Proverbs 28:27 – It is all too easy to see a person begging on the street corner or drive past a homeless shelter and close our eyes. We close them because though we have an inner conviction to do something, we don’t want to. Rather than catching their gaze and dealing with the pleading in their eyes, we avert our own eyes. Parodoxically, the man who is generous and gives to the needy will have more, and the man who holds tightly to what he has will have less.
Anyone who has traveled to the Middle East has encountered beggars, some of whom will curse you if you pass them by without giving anything. While such cursing is often a crass attempt to manipulate others and some of the beggars are anything but poor, it can be disconcerting to a person who strives to serve God. The answer is to look to Him for guidance every moment. A curse without a cause will not alight (Proverbs 26:2), so a child of God must give when He commands and withhold when He commands.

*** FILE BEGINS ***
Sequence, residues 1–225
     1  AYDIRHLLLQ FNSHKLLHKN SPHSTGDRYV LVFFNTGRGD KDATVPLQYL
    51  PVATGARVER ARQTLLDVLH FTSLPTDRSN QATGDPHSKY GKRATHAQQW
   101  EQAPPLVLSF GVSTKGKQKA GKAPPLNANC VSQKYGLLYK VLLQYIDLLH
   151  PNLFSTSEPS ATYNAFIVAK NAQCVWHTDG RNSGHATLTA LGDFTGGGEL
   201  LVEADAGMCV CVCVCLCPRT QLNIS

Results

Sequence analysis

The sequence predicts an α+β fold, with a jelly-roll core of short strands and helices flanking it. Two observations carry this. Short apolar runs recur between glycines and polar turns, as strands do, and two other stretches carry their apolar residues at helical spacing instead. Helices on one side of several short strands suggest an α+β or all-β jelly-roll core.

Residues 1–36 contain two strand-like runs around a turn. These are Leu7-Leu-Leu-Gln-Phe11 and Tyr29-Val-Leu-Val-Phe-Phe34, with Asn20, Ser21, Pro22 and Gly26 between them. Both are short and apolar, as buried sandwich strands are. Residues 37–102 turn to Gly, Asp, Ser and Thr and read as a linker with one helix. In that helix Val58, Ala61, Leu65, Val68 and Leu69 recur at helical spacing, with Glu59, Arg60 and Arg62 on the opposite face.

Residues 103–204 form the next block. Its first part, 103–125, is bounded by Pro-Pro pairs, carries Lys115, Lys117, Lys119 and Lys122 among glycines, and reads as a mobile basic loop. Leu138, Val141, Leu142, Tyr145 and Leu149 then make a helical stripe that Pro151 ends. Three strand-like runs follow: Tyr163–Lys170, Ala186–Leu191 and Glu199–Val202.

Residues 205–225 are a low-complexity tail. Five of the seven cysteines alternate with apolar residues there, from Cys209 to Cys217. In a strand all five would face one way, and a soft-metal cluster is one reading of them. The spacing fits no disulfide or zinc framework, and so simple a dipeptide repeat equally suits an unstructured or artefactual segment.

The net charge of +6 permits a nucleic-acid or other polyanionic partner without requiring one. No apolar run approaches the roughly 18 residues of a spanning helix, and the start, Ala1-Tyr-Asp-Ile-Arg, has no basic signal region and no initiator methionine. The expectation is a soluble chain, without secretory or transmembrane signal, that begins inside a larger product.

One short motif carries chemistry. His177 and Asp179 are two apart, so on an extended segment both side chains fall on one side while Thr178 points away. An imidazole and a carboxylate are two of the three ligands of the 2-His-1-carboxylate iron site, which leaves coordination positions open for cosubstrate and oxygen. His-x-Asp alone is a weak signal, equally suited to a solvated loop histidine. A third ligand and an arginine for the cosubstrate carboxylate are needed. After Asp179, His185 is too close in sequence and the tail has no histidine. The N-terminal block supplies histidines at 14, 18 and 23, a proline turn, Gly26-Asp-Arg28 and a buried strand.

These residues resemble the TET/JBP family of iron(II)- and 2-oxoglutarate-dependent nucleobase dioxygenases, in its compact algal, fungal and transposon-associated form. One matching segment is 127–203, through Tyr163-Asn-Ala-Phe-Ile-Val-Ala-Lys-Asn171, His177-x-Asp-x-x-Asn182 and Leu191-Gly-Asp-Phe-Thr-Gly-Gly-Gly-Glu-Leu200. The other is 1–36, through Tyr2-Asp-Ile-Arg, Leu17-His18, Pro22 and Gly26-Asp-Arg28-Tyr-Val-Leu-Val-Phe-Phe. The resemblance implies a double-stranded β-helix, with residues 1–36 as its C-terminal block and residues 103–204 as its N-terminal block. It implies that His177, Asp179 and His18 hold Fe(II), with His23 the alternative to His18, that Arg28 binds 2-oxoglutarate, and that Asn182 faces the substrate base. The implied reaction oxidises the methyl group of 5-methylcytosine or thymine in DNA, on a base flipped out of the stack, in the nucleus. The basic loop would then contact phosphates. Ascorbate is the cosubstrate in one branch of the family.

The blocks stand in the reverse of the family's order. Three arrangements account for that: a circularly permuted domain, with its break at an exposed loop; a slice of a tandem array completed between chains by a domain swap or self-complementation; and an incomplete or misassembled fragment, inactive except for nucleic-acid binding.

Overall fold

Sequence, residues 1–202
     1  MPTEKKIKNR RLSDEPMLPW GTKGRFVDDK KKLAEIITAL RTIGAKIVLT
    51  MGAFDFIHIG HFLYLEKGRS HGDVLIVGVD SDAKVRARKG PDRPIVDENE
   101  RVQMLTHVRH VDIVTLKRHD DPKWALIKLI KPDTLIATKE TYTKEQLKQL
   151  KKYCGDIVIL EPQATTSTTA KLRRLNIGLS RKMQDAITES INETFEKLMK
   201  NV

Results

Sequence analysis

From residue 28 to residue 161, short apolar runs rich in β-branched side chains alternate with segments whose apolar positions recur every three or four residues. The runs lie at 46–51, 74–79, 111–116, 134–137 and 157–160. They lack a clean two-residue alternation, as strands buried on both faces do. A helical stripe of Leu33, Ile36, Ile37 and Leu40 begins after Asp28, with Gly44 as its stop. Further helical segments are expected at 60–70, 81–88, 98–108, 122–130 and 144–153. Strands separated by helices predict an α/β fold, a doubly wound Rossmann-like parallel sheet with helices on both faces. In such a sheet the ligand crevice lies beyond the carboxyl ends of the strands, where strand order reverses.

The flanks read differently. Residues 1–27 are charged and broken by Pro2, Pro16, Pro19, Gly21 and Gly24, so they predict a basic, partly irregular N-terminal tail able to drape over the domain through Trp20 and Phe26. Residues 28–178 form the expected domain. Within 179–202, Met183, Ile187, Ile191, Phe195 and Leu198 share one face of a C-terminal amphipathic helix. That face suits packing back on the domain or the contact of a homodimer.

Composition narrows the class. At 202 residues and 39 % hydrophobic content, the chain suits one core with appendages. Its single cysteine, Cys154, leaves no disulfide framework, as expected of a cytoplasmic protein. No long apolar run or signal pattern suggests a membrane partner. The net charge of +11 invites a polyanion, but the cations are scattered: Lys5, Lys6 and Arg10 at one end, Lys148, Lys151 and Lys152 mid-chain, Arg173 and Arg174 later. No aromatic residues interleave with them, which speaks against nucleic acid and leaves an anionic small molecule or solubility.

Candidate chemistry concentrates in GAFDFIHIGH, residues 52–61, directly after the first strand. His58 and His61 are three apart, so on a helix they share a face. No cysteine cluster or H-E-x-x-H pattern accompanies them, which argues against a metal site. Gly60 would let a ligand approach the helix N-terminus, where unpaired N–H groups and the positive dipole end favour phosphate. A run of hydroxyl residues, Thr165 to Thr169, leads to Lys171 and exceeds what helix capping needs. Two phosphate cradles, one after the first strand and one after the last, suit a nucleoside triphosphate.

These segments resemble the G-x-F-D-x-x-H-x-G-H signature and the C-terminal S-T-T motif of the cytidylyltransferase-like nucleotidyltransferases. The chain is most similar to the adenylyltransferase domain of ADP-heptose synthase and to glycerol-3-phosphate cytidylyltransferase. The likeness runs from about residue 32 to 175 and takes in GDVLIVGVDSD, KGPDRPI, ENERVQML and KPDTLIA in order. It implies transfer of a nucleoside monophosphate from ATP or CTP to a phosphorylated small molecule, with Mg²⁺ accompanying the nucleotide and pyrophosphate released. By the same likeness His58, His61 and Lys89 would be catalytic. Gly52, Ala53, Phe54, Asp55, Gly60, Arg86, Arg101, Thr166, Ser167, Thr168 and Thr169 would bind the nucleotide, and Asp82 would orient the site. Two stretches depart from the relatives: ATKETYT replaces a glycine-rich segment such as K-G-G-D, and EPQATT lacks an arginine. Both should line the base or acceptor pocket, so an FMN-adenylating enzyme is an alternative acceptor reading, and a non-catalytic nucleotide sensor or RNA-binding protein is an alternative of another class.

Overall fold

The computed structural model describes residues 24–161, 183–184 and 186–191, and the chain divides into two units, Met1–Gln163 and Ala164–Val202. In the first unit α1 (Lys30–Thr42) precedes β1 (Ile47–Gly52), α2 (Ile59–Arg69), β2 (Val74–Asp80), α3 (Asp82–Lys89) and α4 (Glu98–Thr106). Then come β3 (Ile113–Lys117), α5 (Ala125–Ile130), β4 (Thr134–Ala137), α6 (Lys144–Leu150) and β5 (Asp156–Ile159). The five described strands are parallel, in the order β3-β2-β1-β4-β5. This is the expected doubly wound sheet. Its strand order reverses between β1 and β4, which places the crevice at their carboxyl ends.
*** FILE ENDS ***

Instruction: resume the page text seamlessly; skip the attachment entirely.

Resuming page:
God created man and woman to work; doing whatever task He assigns in His time and in His way. Adam and Eve were to tend the garden, to take care of the rest of creation, and to have children to fill the earth. Men and women today have the same tasks; to tend to the things the God has placed in our lives, to care for those around us and the whole world, and to continue the human race. Each person’s work is a variation on these basic themes. Ultimately the object of man’s work is to glorify God and to love and enjoy Him forever. Proverbs provides specific instructions on how to be diligent and not lazy, wise and not foolish, and generous and not stingy. They are lessons worth learning, as work will not end with death; people will continue work into eternity. Paradise, the New Heavens and the New Earth, will be places of work.